Republicans appear to have swept the Chatham County commission, but the races were so close they may qualify for a recount.
In District 3, Republican Brian Bock brought in 12,299 votes squeaking by Democrat George Lucier by 434 votes. Bock’s upset of Lucier’s thoughtful conservationist leadership may be a calculated move by the developers and homebuilders that had supported former commissioner Bunkey Morgan. Bock received $1,500 of campaign funds from Build Political Action Committee of the National Association of Home Builders.
In District 4, Republican. Pamela Stewart won by 549 votes, upsetting Dem. Tom Vanderbeck, and in District 5, Republican. Walter Petty unseated Democrat Carl Thompson by 305 votes.
Check back tomorrow to see if the Democrats ask for a recount.
Close to 58 percent, or 24,603, of the county’s registered voters cast ballots, according to unofficial results.
In other races, Democratic incumbent Richard H. Webster won another term as sheriff with 61 percent of the vote.
This post has been corrected. Previously it erroneously stated Deb McManus lost to Gary Leonard in the District 4 board of education race. There are two District 4 seats; each candidate ran unopposed.
See unofficial results at the Durham Board of Elections website.
With 62 of 63 precincts counted Tuesday night, Durham voters approved a $20 million bond referendum to resurface ailing city streets, and also re-elected incumbent Sheriff Worth Hill to his fifth term.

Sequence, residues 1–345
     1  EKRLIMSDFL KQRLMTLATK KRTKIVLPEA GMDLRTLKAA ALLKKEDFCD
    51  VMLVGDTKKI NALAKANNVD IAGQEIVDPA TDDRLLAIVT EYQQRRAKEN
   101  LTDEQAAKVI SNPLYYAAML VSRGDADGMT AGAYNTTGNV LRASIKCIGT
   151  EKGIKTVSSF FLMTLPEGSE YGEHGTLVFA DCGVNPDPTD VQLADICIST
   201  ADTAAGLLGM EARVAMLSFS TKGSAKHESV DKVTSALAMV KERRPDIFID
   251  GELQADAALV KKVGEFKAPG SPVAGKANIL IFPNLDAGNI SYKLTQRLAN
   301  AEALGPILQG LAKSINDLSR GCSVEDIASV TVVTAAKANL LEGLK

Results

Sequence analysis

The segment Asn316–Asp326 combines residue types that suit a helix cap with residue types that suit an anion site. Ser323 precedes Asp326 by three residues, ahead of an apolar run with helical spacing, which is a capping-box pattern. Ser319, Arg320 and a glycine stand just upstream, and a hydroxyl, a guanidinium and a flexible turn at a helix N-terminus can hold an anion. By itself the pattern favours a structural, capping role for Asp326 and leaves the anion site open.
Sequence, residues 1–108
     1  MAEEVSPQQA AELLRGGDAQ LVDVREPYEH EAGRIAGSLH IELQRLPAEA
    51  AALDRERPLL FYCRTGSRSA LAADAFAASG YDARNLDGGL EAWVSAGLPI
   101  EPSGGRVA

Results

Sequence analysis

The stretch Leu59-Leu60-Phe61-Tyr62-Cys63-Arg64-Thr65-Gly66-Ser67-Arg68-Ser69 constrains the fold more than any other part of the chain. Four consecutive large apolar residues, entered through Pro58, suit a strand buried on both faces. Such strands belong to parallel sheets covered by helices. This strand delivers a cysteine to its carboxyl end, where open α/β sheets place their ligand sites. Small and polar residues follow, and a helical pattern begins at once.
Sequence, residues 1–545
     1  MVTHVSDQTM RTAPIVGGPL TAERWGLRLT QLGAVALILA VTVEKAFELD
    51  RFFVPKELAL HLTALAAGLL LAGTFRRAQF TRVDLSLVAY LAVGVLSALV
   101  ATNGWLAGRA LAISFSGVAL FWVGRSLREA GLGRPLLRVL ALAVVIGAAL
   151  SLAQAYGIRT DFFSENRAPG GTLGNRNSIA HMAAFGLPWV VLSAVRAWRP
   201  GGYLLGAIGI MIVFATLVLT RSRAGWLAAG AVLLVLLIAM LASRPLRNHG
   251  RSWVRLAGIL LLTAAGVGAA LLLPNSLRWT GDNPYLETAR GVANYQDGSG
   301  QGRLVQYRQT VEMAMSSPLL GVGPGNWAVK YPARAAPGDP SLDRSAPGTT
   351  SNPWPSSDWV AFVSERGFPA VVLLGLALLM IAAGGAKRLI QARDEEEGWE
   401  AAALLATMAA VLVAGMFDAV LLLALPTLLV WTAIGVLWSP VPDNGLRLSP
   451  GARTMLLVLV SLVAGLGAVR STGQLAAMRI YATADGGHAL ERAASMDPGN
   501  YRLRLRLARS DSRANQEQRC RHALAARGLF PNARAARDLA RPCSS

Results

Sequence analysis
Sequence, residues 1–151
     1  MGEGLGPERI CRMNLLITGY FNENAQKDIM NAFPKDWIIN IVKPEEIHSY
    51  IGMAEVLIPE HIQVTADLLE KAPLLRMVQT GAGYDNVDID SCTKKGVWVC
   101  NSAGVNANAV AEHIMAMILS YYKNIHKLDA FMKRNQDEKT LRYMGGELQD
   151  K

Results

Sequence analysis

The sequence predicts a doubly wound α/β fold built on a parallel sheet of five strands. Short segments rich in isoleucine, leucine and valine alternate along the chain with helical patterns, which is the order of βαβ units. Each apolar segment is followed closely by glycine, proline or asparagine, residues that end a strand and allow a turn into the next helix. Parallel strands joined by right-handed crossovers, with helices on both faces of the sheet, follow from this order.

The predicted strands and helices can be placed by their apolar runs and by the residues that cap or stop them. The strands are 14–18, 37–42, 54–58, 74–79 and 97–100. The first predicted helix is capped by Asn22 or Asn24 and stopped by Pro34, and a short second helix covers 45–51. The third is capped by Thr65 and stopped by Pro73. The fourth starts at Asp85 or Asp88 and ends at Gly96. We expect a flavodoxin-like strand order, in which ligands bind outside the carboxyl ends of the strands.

With 60 of 62 precincts counted, more than 56 percent of voters supported street resurfacing bonds, which will bump property taxes to repair 150 miles of the city's worst streets. City officials have said the projects approved for this bond will be completed by 2012, a much quicker turnaround time than residents have seen with previous bond-funded work.
In the night's other notable result, Durham Sheriff Worth Hill scooped up almost 80 percent of the votes in Tuesday's election, defeating Republican contender Roy Taylor. The election was the first contested race for the incumbent sheriff in years, and demonstrated vast public support despite incidents of embezzlement and other gaffes under Hill's watch, to which his opponent had fired criticisms. Hill could not immediately be reached for comment on his victory Tuesday night.
The race between Taylor and Hill was bitter, with supporters of both candidates levying accusations of corruption at the other through battles on websites such as Facebook and YouTube. The tension spiked last Friday when three of Taylor's campaign workers accused Capt. Rickey Padgett of verbally harassing them outside the Durham Board of Elections Office. Those charges are still being investigated. Padgett is one of Hill's command staff and also secretary of the N.C. Sheriff Police Alliance, which endorsed Hill in the race.
Padgett is among one of many supporters who have publicly criticized Taylor for not living in Durham a consecutive year as required by state election law. Taylor said that based on the state constitution, he need only to have lived in Durham for 30 days. Had Taylor prevailed, the Durham Board of Elections would have held a hearing on Taylor's eligibility to serve on Nov. 11. But with Taylor coming up short, the hearing, which was prompted by an official protest filed by Hill supporter and former sheriff Roland Leary, will be canceled.